Melissa Mellor

Making School Meals Better

What better topic to blog about the day before Thanksgiving than food? Specifically, the food served in schools across the country.

The Institute of Medicine recently released a report, School Meals: Building Blocks for Healthy Children, that outlines recommendations for making our school meals more healthful. The recommendations include

  • Increasing the amount and variety of fruits, vegetables, and whole grains.
  • Setting minimum and maximum levels of calories.
  • Focusing more on reducing saturated fat and sodium.

Meanwhile, the U.S. Centers for Disease Control and Prevention have reported that progress was made during the last several years in increasing the percentage of secondary schools in which students cannot purchase unhealthy foods and beverages from vending machines or school stores. This progress, however, varies greatly among the states. For example, although students couldn't purchase candy and salty snacks in more than 80 percent of schools in Connecticut, Hawaii, and Maine last school year, that was true in only 18 percent of Utah's schools.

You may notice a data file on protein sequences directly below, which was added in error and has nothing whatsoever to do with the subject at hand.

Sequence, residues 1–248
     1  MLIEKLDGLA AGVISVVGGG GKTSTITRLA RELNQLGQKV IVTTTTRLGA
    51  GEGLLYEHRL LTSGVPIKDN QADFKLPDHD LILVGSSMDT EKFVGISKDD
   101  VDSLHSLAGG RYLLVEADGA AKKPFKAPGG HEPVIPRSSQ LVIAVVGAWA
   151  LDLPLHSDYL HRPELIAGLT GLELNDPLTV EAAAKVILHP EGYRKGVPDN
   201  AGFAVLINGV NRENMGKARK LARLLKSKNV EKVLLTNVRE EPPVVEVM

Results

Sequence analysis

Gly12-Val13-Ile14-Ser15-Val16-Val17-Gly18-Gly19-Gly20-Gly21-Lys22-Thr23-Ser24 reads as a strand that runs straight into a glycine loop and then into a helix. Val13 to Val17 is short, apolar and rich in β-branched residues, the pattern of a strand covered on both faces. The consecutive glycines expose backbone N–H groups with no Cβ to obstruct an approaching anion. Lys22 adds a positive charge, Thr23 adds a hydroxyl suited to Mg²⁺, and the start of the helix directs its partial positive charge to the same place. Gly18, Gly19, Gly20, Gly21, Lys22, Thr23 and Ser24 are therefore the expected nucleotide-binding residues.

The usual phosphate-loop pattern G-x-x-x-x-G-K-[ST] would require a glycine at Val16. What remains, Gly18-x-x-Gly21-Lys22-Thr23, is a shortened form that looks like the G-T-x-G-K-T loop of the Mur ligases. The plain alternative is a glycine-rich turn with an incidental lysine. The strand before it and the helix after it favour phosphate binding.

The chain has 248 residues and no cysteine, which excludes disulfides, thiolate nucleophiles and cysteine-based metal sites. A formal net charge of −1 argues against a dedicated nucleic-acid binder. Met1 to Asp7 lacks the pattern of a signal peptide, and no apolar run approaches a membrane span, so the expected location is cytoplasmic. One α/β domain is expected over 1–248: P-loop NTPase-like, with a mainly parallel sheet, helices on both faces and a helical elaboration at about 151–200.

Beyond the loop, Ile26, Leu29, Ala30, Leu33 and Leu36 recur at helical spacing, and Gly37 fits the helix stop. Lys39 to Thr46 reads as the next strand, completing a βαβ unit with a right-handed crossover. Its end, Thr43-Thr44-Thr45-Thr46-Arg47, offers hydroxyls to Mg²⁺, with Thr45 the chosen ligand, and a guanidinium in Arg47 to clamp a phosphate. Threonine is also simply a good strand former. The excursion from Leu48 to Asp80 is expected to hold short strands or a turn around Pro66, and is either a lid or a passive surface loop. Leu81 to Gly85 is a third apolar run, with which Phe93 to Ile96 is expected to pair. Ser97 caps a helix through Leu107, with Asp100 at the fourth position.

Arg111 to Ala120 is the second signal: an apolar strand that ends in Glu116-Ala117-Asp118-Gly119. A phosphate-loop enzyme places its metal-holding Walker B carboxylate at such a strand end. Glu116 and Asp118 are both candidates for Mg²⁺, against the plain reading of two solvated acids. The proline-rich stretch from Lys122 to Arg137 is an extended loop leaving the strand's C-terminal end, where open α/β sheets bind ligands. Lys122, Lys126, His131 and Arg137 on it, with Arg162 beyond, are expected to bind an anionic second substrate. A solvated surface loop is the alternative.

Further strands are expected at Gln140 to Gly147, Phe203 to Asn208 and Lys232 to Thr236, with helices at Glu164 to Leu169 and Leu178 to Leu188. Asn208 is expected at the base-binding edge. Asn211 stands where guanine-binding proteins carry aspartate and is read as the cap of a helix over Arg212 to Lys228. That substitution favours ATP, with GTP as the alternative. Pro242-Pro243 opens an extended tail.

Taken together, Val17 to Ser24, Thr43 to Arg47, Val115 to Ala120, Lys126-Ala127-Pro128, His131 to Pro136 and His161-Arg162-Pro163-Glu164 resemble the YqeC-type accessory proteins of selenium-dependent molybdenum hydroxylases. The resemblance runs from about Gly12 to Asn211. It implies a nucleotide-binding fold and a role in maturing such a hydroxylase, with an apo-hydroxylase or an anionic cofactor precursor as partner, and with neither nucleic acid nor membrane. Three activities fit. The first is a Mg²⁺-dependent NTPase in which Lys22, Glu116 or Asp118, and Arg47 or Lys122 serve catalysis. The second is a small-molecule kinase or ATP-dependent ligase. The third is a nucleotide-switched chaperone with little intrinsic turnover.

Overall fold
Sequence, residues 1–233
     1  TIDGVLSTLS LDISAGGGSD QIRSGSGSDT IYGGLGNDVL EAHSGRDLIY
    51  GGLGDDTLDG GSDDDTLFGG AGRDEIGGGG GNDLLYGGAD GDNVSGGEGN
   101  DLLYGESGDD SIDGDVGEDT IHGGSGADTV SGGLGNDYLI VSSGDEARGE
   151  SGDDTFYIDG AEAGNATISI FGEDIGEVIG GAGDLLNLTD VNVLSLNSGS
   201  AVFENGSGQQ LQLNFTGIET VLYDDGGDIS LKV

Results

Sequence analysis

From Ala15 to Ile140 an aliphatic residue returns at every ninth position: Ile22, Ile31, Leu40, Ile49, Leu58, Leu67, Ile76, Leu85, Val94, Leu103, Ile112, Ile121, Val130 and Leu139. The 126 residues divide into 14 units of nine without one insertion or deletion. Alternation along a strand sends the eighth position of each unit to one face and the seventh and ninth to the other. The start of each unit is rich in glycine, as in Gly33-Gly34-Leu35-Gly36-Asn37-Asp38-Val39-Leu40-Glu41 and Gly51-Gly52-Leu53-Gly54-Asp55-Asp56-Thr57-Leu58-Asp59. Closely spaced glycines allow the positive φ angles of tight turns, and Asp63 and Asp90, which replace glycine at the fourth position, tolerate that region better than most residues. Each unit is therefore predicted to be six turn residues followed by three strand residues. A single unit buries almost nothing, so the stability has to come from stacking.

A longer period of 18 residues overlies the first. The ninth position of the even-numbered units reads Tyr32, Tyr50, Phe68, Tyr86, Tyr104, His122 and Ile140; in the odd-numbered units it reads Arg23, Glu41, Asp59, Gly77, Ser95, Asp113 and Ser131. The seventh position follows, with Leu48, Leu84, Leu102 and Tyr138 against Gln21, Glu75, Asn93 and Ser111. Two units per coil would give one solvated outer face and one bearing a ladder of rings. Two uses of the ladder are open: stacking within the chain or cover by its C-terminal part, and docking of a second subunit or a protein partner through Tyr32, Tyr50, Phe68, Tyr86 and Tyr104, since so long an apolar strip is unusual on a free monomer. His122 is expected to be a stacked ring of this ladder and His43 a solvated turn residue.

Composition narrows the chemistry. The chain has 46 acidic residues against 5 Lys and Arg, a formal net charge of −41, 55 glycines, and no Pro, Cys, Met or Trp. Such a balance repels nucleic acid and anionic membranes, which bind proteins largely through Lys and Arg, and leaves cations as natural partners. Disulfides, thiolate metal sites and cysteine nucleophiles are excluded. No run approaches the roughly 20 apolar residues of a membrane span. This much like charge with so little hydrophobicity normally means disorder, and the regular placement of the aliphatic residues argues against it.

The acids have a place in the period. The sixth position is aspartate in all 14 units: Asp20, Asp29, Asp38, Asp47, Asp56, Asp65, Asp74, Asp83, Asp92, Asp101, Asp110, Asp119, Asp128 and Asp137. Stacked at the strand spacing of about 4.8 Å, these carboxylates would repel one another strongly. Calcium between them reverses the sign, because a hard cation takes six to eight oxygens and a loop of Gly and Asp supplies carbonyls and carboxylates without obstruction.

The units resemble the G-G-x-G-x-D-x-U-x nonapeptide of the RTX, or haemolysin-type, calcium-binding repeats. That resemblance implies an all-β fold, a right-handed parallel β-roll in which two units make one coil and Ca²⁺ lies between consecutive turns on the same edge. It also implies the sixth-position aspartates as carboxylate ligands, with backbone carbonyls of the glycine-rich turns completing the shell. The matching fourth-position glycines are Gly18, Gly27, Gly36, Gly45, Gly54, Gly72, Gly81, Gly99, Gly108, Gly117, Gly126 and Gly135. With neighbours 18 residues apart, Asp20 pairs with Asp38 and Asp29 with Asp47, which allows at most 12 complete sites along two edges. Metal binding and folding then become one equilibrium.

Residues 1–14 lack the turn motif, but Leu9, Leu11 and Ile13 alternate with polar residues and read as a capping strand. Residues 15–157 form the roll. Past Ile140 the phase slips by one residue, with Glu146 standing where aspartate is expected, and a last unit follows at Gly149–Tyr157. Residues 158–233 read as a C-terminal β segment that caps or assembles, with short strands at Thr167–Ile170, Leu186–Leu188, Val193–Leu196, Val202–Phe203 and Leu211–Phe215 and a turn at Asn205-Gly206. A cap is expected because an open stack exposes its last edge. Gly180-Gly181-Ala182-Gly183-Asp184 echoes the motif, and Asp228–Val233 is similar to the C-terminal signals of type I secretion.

Agriculture Secretary Tom Vilsack recently said that schools that serve more fruits, vegetables, and whole grains to students should experience higher rates of federal support than schools serving less healthy options. He also said more attention needs to be paid to the nutritional value of food served in school stores and a la carte lines.

Check out ASCD's recent testimony on child nutrition programs and let us know what you think about the quality of the meals served at your school.  

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